Discussing College and Career

discussing college and career at cafecollege San Antonio Education Partnership

Everyone deserves to achieve their dreams, and education plays a significant role in realizing an individual’s success. Based on my experience as a teacher, curriculum developer, and trainer, and my current role as Executive Director of the San Antonio Education Partnership, I believe that education holds enormous power as the ultimate societal equalizer. That’s why it’s important that we all start talking to our kids at an early age about college and career paths.

We have to convey the message that the possibilities are endless for them, and do it sooner than later. Children begin thinking about what they want to do with their lives at an early age, and college should be a natural part of an ongoing conversation throughout childhood.

For more ideas about summer experiences you can do while learning at home with your kids, visit the main page, Charter a Summer of Learning.

For more ideas about summer experiences you can do while learning at home with your kids, visit the main page, Charter a Summer of Learning.

Pretend Play for Preschoolers

Having taught preschool and kindergarten for seven years, I can attest to the power and ubiquitous presence that dramatic play and dress-up holds in the early childhood development of a preschooler. When you notice your child talking about what they want to be when they grow up, take the cue and talk about college. For example, if your child says, “I want to be a doctor when I grow up!” respond with, “That is wonderful. Doctors help people. You will get to go to college to become a doctor. That’s where people will learn how to care for those who are sick.”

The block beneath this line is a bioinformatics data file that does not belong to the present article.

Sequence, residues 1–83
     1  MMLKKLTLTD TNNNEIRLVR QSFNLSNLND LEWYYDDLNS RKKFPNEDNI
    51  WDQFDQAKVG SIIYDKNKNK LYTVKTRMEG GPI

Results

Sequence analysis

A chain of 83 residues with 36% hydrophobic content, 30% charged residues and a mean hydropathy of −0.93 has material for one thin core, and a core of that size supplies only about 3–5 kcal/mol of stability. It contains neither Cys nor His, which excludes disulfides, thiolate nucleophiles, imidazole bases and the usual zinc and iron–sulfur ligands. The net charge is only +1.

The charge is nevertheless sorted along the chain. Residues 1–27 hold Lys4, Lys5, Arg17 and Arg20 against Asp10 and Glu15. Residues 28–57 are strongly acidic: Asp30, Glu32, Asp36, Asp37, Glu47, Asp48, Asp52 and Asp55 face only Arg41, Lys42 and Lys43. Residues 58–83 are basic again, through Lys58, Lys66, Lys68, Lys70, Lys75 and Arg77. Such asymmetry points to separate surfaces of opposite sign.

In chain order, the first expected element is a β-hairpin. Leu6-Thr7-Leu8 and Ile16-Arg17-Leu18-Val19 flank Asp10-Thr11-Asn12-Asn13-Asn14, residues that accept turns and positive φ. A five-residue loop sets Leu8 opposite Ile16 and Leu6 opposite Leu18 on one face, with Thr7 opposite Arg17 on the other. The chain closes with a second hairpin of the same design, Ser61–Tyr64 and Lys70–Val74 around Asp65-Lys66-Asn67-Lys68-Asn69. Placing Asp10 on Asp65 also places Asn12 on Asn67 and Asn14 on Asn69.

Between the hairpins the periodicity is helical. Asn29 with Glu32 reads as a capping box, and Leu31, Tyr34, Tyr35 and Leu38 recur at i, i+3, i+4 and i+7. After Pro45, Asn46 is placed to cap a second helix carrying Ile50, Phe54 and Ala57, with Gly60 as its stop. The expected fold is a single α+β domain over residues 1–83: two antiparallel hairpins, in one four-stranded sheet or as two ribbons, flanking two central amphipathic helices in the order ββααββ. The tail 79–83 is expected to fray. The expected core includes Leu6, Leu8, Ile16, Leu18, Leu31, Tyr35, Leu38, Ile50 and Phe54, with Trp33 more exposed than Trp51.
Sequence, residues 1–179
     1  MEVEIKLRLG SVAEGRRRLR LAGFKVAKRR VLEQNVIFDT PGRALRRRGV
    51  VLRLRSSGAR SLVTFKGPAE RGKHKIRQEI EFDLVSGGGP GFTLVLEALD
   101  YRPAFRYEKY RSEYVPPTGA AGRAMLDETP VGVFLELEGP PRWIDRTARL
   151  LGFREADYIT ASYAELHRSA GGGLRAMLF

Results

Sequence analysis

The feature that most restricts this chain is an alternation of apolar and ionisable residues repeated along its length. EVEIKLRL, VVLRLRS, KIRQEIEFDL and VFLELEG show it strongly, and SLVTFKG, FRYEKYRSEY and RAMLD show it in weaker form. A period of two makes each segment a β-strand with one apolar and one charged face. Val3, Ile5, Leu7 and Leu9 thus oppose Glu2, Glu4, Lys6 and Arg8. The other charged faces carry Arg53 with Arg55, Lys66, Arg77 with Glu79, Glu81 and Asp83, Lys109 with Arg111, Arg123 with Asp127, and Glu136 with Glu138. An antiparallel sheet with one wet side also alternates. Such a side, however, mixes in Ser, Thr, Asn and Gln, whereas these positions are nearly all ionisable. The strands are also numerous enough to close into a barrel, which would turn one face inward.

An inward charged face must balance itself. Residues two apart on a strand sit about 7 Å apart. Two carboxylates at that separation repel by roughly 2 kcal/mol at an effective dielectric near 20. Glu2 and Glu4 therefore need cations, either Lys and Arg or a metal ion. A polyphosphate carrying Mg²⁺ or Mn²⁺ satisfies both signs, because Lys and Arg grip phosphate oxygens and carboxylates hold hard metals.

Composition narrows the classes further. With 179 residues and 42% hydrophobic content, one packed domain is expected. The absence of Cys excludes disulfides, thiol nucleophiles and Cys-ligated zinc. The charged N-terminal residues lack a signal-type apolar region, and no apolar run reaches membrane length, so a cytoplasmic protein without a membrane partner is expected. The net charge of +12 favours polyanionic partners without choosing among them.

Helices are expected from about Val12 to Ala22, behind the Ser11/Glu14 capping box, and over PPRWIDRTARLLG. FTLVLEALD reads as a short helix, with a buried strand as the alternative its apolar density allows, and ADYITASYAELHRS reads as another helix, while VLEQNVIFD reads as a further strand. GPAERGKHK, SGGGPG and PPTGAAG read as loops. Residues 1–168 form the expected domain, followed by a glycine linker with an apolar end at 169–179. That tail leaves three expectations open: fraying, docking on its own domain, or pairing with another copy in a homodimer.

I remember stocking my dress-up center in my classroom with Halloween costumes, most of which I would pick up after Halloween at a discount. Having a career chest or dress-up drawer at home is a great way to organically inspire these discussions early on, normalize the topic of post-secondary possibilities, and lay the foundation for expectations and potential in your child’s life.

Also, another great resource is from a local nonprofit in San Antonio, Yes Our Kids Can. They have fun learning videos and fun learning videos designed for children and their parents that focus on topics like staying in school, working hard, and getting good grades.

Here is another fun song to teach young children about occupations.

Career Storytelling for Grade Schoolers

While grade school isn’t necessarily the time to talk about GPA, college majors, and standardized test preparation, this is the perfect time to continue nurturing a college-going culture in your household by discussing different career pathways. You can create fun activities to engage your kids and have them think about the endless career possibilities, or speak candidly about the life experiences of your own family and friends. Casual conversations about both successes and failures, processes and barriers can resonate with grade school students for a lifetime.

At cafècollege, we offer free summer camps for school-age children. These camps are are facilitated by our talented staff and feature community members who work in fields ranging from law enforcement to scientists, attorneys, physicians, and politicians. Campers are afforded the opportunity to experience numerous different fields through hands on activities and demonstrations, while learning about the various paths required to achieve different careers. This summer’s camps are virtual due to COVID-19, but we are already planning next summer’s topics, which will hopefully be in person again.

At home, families can use printables and crafts to help kids have fun while talking about careers. Mahalia Mouse Goes to College is a picture book with an engaging, rhyming story. Kids love learning with songs, too.

College and Career Questions for Middle and High School Students

By this age, students have a growing awareness of the importance of GPA, class selection, and college choice. This is a great opportunity to build on that foundation by discussing the importance good study habits, encouraging ways your student can improve on their time management, and reinforcing the importance of seeking out expert advising early in their college decision process.